Lithium-ion batteries are increasingly powering our world in automotive, consumer electronic, and industrial energy storage applications. The recent li-ion battery boom is being primarily driven by automotive applications in consumer vehicles (e.g. Tesla, Nissan, GM) and large format applications such as electric buses (e.g. BYD). The automotive industry alone is expected to overtake lithium-ion battery demand for consumer electronic applications by 2020.
Given lithium batteries’ rise to prominence over the past two decades, our team tends to receive a lot of questions about the lithium battery industry in general. This article should help answer some of these common questions.
What are lithium-ion batteries?
Lithium-ion (li-ion) batteries are a type of rechargeable battery in which lithium ions drive the electrochemical reactions. Lithium ions move from the negative electrode (anode) to the positive electrode (cathode) during discharge and back when charging.
Why lithium – why not another element?
Lithium is the lightest of all metals, has the greatest electrochemical potential and provides the largest energy density for weight.
What are lithium-ion batteries used for?
Li-ion batteries are increasingly powering our world in automotive, consumer electronic, and industrial energy storage applications. The recent li-ion battery boom is being primarily driven by automotive applications in consumer vehicles (e.g. Tesla) and large format applications such as buses. The automotive industry alone is expected to overtake lithium-ion battery demand for consumer electronic applications by 2020, per Roskill.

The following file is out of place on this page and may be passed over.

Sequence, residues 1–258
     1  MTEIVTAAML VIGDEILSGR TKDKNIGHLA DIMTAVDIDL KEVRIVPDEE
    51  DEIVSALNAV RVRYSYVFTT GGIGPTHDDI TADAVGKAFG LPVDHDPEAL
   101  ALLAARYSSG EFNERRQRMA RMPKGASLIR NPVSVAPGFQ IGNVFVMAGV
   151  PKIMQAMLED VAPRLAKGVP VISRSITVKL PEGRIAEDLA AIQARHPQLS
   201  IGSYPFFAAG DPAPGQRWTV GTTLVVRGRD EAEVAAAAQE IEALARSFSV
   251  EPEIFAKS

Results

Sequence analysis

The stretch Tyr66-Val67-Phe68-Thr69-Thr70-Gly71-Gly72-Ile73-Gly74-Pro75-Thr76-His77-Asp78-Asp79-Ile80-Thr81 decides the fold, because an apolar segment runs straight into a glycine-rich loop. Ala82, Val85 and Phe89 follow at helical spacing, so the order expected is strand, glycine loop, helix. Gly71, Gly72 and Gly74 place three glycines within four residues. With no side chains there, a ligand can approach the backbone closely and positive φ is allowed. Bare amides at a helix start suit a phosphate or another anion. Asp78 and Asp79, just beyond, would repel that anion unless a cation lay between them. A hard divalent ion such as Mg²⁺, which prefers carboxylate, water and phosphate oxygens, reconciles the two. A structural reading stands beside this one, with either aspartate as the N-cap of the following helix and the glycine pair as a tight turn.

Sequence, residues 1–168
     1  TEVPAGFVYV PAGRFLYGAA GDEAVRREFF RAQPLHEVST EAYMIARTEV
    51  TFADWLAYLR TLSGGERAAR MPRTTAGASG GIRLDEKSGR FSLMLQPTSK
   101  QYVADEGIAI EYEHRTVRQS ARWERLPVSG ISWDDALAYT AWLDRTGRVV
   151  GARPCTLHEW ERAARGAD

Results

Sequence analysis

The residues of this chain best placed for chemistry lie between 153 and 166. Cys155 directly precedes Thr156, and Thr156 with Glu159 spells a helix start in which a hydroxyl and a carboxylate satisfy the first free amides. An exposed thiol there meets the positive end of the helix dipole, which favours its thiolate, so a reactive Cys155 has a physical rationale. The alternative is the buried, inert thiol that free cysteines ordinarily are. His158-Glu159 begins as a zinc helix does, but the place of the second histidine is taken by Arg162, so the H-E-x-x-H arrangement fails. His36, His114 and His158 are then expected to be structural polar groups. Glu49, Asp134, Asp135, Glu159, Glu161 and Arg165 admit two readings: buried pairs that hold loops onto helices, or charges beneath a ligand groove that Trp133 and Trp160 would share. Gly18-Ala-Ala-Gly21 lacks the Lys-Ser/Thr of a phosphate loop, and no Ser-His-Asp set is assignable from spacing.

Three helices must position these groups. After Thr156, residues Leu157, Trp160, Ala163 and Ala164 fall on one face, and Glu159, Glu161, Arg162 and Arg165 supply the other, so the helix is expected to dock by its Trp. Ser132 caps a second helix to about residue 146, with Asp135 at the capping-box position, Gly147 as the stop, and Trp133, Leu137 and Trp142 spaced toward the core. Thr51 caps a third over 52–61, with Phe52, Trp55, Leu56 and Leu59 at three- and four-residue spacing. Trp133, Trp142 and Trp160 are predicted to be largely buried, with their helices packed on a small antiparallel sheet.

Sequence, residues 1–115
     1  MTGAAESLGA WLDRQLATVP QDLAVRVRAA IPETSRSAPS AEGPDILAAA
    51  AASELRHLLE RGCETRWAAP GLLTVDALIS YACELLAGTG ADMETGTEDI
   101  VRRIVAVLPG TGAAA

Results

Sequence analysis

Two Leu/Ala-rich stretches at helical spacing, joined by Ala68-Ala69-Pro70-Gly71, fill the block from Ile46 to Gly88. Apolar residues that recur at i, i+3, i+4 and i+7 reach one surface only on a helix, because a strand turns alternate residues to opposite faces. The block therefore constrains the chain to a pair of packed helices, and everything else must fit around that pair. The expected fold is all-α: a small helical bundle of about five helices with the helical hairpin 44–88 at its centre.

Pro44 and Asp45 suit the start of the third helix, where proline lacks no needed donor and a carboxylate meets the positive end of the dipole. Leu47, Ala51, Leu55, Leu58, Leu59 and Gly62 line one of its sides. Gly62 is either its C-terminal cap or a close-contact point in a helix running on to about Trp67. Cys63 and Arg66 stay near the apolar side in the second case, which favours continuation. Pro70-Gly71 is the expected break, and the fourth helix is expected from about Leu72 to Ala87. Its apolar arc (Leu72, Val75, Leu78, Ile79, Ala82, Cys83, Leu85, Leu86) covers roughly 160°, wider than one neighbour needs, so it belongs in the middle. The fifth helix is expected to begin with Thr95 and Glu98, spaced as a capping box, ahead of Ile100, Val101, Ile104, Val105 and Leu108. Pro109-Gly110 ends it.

How large is the market for lithium-ion batteries?
The global lithium-ion battery market is projected to grow to US$ 210 billion by 2030 at a rapid rate of 17% per year, per Exane BNP Paribas.
What is a lithium-ion cell?
Lithium-ion battery cells consist of four key components:
- Positive electrode/Cathode: consist of differing formulations of lithium metal oxides depending on the battery application and manufacturer
- Negative electrode/Anode: typically, graphite based
- Electrolyte: typically, a lithium salt (e.g. LiPF6) dissolved in organic solvent
- Separator between the cathode and anode: typically, polymer based
How are lithium-ion batteries structured?
Lithium-ion batteries can be found in large format (e.g. automotive, energy storage systems) and small format (e.g. consumer electronic) applications. Modularized li-ion battery packs are typically structured as follows:
- Cells: contain a cathode, anode, electrolyte and separator
- Modules: multiple cells make up a module, typically housed in aluminum in large formats
- Battery Pack: in large formats, multiple modules make up a battery pack, typically housed with aluminum, steel, and/or plastic
What raw materials are used to make lithium-ion batteries?
A breakdown of the raw materials in a spent li-ion battery pack is provided below (kg material/kg li-ion battery pack). This is based on a weighted average of mixed format and mixed cathode chemistry li-ion battery packs:
- Graphite: 16%
- Aluminum: 15%
- Copper: 10%
- Lithium Carbonate: 7%
- Cobalt: 7%
- Manganese: 5%
- Nickel: 4%
- Iron: 3%
- Other materials: 33%, e.g. electrolyte solvent, plastic, electrical components